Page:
Author Topic: Anticipatory Thermo-Genesis  (Read 629 times)

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Offline maydont

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Anticipatory Thermo-Genesis
« on: May 02, 2019, 12:47:18 PM »
24 months ago I took up the obscure sport of ice swimming.  That's swimming in water less than 5degC (41degF) for distances of normally 1km and up to a mile.  It's a fascinating sport for a science fanatic and skeptic as in the 10 years it's been around we've learned a lot about how the body reacts to cold water. Every event we collect more data and learn more about cold and one's body. Yet hanging around with the doctors who look after us, I have realised there is still so much they don't know.

My question for the forum is on the concept that we can raise our body temperature in a Pavlovian response prior to entering the cold water. It's called Anticipatory Thermo-Genesis.  It was coined by a controversial doctor (Prof Tim Noakes). I don't want to poison the well here (I'm no fan of Prof Noakes), but was wondering if anyone had any informed opinions on the topic?  Is there anything here (a bit like the yogi's who allegedly can bring on a sweat). The doctors I have spoken to do not know.

Offline The Latinist

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Re: Anticipatory Thermo-Genesis
« Reply #1 on: May 02, 2019, 02:23:29 PM »
Can't really know unless we see studies.
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Offline CarbShark

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Re: Anticipatory Thermo-Genesis
« Reply #2 on: May 02, 2019, 03:21:56 PM »
24 months ago I took up the obscure sport of ice swimming.  That's swimming in water less than 5degC (41degF) for distances of normally 1km and up to a mile.  It's a fascinating sport for a science fanatic and skeptic as in the 10 years it's been around we've learned a lot about how the body reacts to cold water. Every event we collect more data and learn more about cold and one's body. Yet hanging around with the doctors who look after us, I have realised there is still so much they don't know.

My question for the forum is on the concept that we can raise our body temperature in a Pavlovian response prior to entering the cold water. It's called Anticipatory Thermo-Genesis.  It was coined by a controversial doctor (Prof Tim Noakes). I don't want to poison the well here (I'm no fan of Prof Noakes), but was wondering if anyone had any informed opinions on the topic?  Is there anything here (a bit like the yogi's who allegedly can bring on a sweat). The doctors I have spoken to do not know.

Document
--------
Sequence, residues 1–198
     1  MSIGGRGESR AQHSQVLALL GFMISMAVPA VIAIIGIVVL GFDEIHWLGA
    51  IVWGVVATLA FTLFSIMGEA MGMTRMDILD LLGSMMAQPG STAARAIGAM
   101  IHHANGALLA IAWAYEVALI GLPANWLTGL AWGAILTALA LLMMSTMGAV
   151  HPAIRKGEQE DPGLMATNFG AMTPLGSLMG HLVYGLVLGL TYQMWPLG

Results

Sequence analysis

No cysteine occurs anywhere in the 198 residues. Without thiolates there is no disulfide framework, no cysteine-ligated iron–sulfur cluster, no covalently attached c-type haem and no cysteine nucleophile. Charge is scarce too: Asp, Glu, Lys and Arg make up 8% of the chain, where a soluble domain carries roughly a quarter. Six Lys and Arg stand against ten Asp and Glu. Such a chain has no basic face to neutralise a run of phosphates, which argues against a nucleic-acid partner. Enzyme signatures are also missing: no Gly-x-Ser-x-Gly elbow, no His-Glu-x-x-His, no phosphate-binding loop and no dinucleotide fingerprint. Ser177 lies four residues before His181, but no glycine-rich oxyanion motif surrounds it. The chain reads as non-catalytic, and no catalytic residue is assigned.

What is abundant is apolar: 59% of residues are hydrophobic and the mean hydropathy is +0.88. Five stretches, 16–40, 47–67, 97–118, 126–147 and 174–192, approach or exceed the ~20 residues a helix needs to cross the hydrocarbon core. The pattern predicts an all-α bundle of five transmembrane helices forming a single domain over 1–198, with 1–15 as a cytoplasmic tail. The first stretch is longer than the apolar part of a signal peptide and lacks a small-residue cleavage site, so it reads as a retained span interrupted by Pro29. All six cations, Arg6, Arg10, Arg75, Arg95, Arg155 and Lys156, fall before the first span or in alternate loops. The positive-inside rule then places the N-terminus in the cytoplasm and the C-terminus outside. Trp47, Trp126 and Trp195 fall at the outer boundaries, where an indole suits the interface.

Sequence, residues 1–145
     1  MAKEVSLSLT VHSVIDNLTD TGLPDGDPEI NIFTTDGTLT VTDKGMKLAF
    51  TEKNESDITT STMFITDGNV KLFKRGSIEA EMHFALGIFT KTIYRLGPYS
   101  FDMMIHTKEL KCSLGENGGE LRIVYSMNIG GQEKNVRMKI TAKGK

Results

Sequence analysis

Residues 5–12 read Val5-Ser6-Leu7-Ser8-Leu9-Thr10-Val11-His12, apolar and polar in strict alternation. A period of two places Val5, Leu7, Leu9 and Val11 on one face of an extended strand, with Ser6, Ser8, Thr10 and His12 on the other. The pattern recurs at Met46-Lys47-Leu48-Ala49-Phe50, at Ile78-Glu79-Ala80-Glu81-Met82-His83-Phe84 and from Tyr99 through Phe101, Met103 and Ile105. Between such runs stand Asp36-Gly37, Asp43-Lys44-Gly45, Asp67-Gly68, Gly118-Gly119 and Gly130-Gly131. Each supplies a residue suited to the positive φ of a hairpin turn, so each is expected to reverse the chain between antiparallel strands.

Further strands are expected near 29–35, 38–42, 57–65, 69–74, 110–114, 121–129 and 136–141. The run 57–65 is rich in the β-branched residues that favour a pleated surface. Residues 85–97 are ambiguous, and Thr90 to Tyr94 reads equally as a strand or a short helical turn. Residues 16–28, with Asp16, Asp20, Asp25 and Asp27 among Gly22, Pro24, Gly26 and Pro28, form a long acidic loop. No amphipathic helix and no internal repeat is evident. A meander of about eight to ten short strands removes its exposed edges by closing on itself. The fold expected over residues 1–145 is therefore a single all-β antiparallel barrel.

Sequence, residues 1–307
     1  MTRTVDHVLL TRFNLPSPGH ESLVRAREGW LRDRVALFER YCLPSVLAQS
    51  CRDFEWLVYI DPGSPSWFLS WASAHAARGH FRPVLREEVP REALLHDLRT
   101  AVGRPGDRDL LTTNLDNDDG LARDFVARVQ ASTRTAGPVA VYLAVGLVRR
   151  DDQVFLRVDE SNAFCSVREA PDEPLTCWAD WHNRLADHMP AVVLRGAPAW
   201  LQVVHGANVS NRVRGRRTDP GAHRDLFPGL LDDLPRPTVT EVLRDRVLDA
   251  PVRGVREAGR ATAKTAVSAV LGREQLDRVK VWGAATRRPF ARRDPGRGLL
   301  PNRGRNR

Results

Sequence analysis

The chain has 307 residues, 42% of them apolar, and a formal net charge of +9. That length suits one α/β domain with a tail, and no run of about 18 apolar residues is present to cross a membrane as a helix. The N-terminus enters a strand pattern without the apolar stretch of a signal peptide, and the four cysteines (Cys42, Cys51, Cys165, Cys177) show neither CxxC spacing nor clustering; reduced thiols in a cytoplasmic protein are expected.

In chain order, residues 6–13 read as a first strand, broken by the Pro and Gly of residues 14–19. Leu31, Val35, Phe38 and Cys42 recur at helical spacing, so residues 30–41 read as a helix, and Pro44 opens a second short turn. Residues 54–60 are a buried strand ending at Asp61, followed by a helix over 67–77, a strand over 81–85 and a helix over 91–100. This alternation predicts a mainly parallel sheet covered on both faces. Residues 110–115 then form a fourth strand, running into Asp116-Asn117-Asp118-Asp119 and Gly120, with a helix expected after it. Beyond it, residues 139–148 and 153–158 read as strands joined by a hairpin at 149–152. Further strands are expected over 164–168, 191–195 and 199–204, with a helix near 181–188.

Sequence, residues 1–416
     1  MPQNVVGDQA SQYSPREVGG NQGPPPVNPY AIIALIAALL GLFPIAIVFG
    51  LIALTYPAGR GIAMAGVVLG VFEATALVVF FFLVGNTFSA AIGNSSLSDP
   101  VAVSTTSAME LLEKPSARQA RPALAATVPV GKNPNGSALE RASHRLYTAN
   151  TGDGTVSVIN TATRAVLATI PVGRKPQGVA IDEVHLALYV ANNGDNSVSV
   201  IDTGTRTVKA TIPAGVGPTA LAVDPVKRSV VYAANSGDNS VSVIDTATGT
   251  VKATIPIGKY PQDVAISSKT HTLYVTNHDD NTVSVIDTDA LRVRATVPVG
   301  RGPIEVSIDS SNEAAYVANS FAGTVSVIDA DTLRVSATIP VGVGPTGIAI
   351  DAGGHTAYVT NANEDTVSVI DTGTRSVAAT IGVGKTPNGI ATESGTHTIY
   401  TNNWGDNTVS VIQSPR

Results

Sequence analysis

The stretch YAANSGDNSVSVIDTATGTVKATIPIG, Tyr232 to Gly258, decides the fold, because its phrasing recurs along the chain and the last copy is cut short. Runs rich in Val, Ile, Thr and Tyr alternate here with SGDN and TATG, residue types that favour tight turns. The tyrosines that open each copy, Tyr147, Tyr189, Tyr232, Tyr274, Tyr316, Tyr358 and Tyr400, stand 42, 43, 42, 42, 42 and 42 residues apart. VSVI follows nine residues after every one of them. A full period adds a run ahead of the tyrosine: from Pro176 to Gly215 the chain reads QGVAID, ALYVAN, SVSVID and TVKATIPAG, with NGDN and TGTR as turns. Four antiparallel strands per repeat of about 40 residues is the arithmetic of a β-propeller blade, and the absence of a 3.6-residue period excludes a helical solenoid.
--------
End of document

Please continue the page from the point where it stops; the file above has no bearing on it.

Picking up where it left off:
Tim Noakes is a pretty serious researcher. He's someone who completely changed is review on a broad range of metabolic and nutrition issues based on research and science. I wouldn't dismiss (or accept) anything, simply based on his say so.

This seems plausible, and like it could be a fairly easy hypothesis to test. Not sure how you could double blind it, though.

I have a friend who does similar swims regularly (SF Bay) and I'll run it by him.
and Donald Trump is President of the United States.

I'm not a doctor, I'm just someone who has done a ton of research into diet and nutrition.

Offline Soldier of FORTRAN

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Re: Anticipatory Thermo-Genesis
« Reply #3 on: May 02, 2019, 04:56:05 PM »
My question for the forum is on the concept that we can raise our body temperature in a Pavlovian response prior to entering the cold water.

Wouldn't surprise me.  Anticipation affects physiology all the time.  Heart rate, hormones, etc. in response to meetings, dates, etc.  Body temperature is very much regulated.  Regulation of such things is very much affected by mind.  So why not? 

(a bit like the yogi's who allegedly can bring on a sweat)

Googled this and found something similar. Apparently Tibetan monks have a practice whereby (1) forceful breathing increases temp (by simple activity) and (2) the meditative component discernibly prolongs the elevated temperature. 

Edit, disclaimer: I only read the abstract.
« Last Edit: May 02, 2019, 05:11:56 PM by Soldier of FORTRAN »
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Offline lonely moa

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Re: Anticipatory Thermo-Genesis
« Reply #4 on: May 02, 2019, 09:07:06 PM »
Then there is Wim Hof.  He maintained his body temperature for 72 minutes in an ice bath, remaining still.

Just another of his rather interesting world records.
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Offline daniel1948

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Re: Anticipatory Thermo-Genesis
« Reply #5 on: May 03, 2019, 10:48:59 AM »
I myself have spent as much as five minutes in ocean water in the middle of winter with no other protection than regular lightweight lycra swim shorts. (Actually cycling shorts, which I use as swim shorts since I don't like the loose-fitting swim shorts.)